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The development of the new Navy is a matter of popular concern and the expensive outlay it involves is acquiesced in by the most exacting appropriation watchers. That the personnel, barely sufficient for a few old time wooden vessels, needs to be similarly expanded in men and officers apace with modern battleships, cruisers and coast-defenders is not questioned, but Washington correspondents declare that Congress finds such difficulty in reconciling the opposing factions of the Navy that in all probability the session will close without any legislation in this direction. It may be profitable for us as physicians to inquire in what manner the interests of our naval medical confrères are affected by this internecine conflict, and who is responsible for obstructing the reorganization which is admittedly necessary.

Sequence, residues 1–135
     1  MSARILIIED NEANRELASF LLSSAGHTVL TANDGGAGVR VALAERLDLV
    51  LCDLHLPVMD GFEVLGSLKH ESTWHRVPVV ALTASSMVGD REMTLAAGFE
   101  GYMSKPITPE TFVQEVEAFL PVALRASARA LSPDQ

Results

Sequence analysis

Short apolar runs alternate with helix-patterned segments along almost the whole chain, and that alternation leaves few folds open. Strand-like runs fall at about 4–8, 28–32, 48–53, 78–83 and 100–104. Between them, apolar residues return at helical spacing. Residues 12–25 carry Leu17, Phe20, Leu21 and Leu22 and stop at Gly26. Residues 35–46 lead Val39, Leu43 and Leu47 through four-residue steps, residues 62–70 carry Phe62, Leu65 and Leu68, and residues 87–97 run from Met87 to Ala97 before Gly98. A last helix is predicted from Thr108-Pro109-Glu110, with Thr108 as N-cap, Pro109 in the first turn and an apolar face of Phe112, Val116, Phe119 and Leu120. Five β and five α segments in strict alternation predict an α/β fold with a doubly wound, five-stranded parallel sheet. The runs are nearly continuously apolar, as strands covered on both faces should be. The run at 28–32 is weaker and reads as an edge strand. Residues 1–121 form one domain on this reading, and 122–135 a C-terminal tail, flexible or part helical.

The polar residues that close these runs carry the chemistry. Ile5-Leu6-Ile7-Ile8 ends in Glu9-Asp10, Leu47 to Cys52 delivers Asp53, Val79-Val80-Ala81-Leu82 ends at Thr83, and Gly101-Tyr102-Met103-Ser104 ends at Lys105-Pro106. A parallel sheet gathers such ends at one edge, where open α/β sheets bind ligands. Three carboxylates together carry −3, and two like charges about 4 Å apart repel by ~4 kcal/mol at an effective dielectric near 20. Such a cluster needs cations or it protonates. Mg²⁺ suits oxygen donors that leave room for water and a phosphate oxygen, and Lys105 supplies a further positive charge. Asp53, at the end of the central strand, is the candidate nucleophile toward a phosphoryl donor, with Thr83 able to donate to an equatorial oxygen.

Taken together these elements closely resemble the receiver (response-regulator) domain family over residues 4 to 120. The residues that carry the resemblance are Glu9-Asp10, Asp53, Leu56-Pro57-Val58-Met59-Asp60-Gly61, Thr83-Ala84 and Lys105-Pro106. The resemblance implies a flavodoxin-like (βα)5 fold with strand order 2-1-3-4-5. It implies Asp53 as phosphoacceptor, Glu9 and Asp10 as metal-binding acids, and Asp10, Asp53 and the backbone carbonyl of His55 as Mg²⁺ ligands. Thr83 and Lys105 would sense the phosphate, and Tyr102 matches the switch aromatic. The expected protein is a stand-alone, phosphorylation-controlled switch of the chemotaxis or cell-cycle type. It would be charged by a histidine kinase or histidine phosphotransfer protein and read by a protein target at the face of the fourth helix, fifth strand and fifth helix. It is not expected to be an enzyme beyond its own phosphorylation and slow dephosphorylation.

It is well known that the officers of the Navy have been for many years divided into two bitterly hostile parties—one comprehensively termed
THE SIGNIFICANCE OF GRADE, RANK AND TITLE IN THEIR NAVAL MEDICAL RELATIONS.. JAMA. 1896;XXVI(11):533-535. doi:10.1001/jama.1896.02430630035005